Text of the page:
In today’s network world, almost all applications tunnel themselves over HTTP, either due to their nature as web-based apps or the fact that they take advantage of port 80 being open through almost every firewall. The key to being able to identify malicious or non-desired traffic attempting to use HTTP as a “common carrier” is to inspect the packet at a deeper level than just port number.
The Cisco ASA CX is a Security Services Processor (SSP) module that today runs on the ASA 5585-X model. It’s a beastly server-type device that has 12GB or 24GB or RAM, 600GB of RAID-1 disk space and 8GB of flash storage. The lower-end model can take up to 2Gbps throughput and the bigger brother can handle 5Gbps. It scans over 1000 applications and more than 75,000 “micro” applications to determine whether the user is listening to iTunes in the cloud or watching HD video on Youtube. The ASA CX also utilizes other products in the Cisco Secure-X portfolio to feed it information. The Cisco AnyConnect Secure VPN client allows the CX to identify traffic that isn’t HTTP-based, as right now the CX can only identify traffic via HTTP User Agent in the absence of AnyConnect. In addition, the Cisco Security Intelligence Operation (SIO) Manager can aggregate information from different points on the network to give the admins a much bigger picture of what is going on to prevent things such as zero-day attack outbreaks and malware infections.
One of the nice new features of the ASA CX that’s been pointed out by Greg Ferro is the user interface for the CX module. Rather than relying on the Java-based ADSM client or forcing users to learn yet another CLI convention, Cisco decided to include a copy of the Cisco Prime Security Manager on-box to manage the CX module. This is arguably the best way for Cisco to have created an easy way for customers to easily utilize the features of the new CX module. Instead, with the CX Prime Security Manager interface, Cisco has allowed us to take a UI and apply it to the new features in the firewall module. In addition, we can forego the use of the on-box Prime instance and instead register the CX to an existing Prime installation for a single point of management for all our security needs. We’re sure that the firewall itself still needs to use ASDM for configuration and that the Prime instance is only for the CX module but this is still a step in the right direction.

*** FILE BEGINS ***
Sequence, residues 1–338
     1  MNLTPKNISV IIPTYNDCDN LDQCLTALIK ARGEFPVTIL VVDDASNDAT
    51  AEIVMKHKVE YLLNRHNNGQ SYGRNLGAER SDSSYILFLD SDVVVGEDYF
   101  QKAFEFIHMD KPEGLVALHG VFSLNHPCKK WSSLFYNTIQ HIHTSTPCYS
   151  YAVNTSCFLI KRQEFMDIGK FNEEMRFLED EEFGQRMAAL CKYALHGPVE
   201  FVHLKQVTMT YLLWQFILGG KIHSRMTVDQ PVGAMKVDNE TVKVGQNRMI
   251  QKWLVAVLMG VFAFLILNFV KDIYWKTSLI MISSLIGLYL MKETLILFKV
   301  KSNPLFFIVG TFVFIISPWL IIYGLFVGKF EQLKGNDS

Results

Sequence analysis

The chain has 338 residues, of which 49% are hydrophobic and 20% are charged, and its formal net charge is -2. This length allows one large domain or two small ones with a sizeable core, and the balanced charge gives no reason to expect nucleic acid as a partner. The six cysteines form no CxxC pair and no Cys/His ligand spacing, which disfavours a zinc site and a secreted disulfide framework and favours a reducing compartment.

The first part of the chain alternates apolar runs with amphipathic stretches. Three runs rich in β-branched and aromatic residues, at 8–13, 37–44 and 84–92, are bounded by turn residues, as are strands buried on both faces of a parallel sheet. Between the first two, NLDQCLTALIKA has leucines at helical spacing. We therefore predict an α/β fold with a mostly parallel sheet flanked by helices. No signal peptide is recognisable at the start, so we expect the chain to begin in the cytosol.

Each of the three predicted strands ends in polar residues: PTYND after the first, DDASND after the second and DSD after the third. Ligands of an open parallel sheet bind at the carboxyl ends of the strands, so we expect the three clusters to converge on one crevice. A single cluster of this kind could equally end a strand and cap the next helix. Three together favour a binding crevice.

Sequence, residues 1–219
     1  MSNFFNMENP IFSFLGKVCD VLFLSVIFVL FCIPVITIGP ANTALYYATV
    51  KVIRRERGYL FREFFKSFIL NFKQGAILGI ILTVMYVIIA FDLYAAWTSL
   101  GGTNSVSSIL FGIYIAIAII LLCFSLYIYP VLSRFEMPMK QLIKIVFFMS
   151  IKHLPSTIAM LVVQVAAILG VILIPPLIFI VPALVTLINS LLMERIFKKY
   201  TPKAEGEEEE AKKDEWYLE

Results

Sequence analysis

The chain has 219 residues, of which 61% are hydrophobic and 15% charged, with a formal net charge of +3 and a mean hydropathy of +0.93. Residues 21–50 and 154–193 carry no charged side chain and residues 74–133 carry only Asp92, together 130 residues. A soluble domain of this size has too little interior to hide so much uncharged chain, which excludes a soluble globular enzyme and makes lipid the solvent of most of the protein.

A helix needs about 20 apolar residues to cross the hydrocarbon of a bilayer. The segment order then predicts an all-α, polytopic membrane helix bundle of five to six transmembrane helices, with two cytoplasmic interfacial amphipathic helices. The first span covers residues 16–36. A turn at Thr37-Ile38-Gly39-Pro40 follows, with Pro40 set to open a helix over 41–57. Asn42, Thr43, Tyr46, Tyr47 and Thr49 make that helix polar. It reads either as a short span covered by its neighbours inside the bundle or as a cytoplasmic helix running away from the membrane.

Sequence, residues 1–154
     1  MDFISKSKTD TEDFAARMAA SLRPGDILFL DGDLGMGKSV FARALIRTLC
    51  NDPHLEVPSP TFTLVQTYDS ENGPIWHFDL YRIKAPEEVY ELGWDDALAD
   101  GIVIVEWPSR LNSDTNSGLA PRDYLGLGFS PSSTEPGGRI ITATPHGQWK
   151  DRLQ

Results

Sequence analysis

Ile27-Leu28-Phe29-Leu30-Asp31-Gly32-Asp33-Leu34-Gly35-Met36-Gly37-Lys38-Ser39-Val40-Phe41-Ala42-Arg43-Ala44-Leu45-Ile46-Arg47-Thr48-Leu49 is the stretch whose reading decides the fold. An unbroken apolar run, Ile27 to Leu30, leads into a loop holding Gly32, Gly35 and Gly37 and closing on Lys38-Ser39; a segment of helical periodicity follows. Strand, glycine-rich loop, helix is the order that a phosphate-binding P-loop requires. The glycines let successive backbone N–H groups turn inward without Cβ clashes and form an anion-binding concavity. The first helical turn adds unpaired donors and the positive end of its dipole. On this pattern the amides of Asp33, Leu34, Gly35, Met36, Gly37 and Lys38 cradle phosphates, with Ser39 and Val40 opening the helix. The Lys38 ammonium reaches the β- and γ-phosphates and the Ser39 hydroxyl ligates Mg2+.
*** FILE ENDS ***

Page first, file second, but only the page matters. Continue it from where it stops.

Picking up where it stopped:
There are some downsides to the CX right now. That’s to be expected in any 1.0-type launch. Firstly, you need an ASA 5585-X to run the thing. That’s a pretty hefty firewall. It’s an expensive one too. It makes sense that Cisco will want to ensure that the product works well on the best box it has before trying to pare down the module to run effectively on the lower ASA-X series firewall. And we still doubt that Cisco will ever port this module to run on the plain ASA series. So if you want to do Next-Gen firewalling, you’re going to need to break out the forklift no matter what. In the 1.0 CX release, there’s also no support for IPS, non-web based application identification without AnyConnect, or SSH decryption (although it can do SSL/TLS decryption on the fly). It also doesn’t currently integrate with ISE for posture assessment and identity enforcement. That’s going to be critical in the future to allow full integration with the rest of Secure-X.
If you’d like to learn more at the new ASA CX, check out the pages on Cisco’s website. There’s also an excellent Youtube walkthrough:
“Cisco has needed a Next-Gen firewall for quite a while. When the flagship of your fleet looks like the Stargazer instead of the Enterprise-D, it’s time for a serious upgrade. I know that there have been some challenges in Cisco’s security division as of late, but I hope that they’ve been sorted out and the can start moving down the road. At the same time, I’ve got horrible memories of the last time Cisco tried to extend the Unified Threat Management (UTM) profile of the ASA with the Content Security and Control (CSC) module. That outsourced piece of lovely was a source of constant headache for the one or two customers that had it. On top of it all, everything inside was licensed from Trend Micro. That meant that you had to pay them a fee every year on top of the maintenance you were paying to Cisco! Hopefully by building the CX module with Cisco technologies such as Network-Based Application Recognition (NBAR) version 2, Cisco can avoid having the new shiny part of its family being panned by the real firewall people out there and languish year-to-year before finally being put out of its misery, much like the CSC module or Enterprise. I’m sure that’s why they decided to call the new module the CX and not the NX. No sense cursing it out of the gate.”
Original article you can read at: http://networkingnerd.net/
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